Crude oil prices are set to decline next year from the current levels of around $80 a barrel as global inventories will start to build again with supply rising more than demand, the U.S. Energy Information Administration (EIA) said on Thursday.
Brent Crude prices are set to average $72 per barrel next year, due to the expected surplus on the market on the back of rising production from the United States and the OPEC+ group.
According to EIA’s latest monthly Short-Term Energy Outlook (STEO), global crude oil demand will exceed global supply through the end of this year, contribute to some additional inventory draws, and keep Brent Crude prices above $80 per barrel through December 2021. Global oil consumption exceeded crude oil production for five consecutive quarters, starting in the third quarter of 2020, the EIA said. Oil stocks in the OECD countries have fallen by 424 million barrels since then.
However, next year will see the beginning of stock builds, which will pressure prices downwards, the U.S. administration said.
Earlier this week, the International Energy Agency (IEA) said that early signs showed that OECD oil stocks had already started to build in October.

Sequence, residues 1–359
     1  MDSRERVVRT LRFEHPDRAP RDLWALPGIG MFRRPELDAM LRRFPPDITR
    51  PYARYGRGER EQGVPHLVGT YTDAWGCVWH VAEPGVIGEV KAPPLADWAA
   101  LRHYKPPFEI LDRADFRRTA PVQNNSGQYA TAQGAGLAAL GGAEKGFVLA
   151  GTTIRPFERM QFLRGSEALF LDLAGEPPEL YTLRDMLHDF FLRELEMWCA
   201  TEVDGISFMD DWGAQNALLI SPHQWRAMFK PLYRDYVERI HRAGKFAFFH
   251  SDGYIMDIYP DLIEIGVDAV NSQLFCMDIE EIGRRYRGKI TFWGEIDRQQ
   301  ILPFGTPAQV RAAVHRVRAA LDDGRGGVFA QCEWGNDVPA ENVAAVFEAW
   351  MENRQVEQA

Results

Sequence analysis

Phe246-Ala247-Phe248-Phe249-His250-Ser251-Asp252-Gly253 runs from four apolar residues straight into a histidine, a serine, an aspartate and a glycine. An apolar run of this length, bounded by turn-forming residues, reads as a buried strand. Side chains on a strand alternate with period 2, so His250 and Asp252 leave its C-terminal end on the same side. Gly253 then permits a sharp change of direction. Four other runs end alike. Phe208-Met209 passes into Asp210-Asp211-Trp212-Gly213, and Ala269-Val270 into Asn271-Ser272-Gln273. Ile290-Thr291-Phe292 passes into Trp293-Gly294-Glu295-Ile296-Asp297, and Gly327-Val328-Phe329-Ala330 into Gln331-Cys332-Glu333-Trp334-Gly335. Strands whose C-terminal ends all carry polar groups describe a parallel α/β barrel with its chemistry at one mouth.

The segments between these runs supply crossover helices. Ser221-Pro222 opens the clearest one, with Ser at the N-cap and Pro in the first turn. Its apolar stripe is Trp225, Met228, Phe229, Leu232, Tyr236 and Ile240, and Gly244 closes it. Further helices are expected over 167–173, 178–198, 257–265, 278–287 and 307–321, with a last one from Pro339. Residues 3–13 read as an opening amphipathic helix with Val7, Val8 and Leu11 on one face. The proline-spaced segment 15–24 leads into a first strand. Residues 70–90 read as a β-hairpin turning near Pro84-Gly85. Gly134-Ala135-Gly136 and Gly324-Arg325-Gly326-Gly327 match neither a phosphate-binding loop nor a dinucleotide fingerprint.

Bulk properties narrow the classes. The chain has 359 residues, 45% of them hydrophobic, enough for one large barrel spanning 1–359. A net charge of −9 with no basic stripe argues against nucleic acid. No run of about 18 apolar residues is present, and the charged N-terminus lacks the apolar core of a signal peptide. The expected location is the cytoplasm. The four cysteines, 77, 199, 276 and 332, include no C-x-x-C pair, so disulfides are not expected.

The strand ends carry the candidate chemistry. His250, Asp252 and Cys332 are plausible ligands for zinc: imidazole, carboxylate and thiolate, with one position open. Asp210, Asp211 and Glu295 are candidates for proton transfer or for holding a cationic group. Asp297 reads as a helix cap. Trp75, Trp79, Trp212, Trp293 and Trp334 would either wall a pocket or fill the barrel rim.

After hitting a six-year low in September, commercial oil stocks in OECD countries showed a marginal build in October, suggesting that the months of hefty inventory draws globally may be over, the IEA said on Tuesday in its closely watched Oil Market Report for November.
OECD total industry stocks plunged by 51 million barrels in September, with crude oil and middle distillate accounting for most of the declines. Europe led the stock drawdowns in September when total OECD industry stocks stood at 2.762 billion barrels, which was 250 million barrels below the five-year average and the lowest level since the start of 2015, the IEA said.
However, preliminary data and satellite observations of stock changes in October point to a marginal stock build and suggest the tide might be turning, the agency said.
“The world oil market remains tight by all measures, but a reprieve from the price rally could be on the horizon,” the IEA said this week.
By Tsvetana Paraskova for Oilprice.com
More Top Reads From Oilprice.com:
- Could An Energy Crunch Lead To A Worldwide Financial Crisis?
- Demand Uncertainty Could Keep Oil From Breaking $100
- U.S. Natural Gas Prices Could Soon Hit $6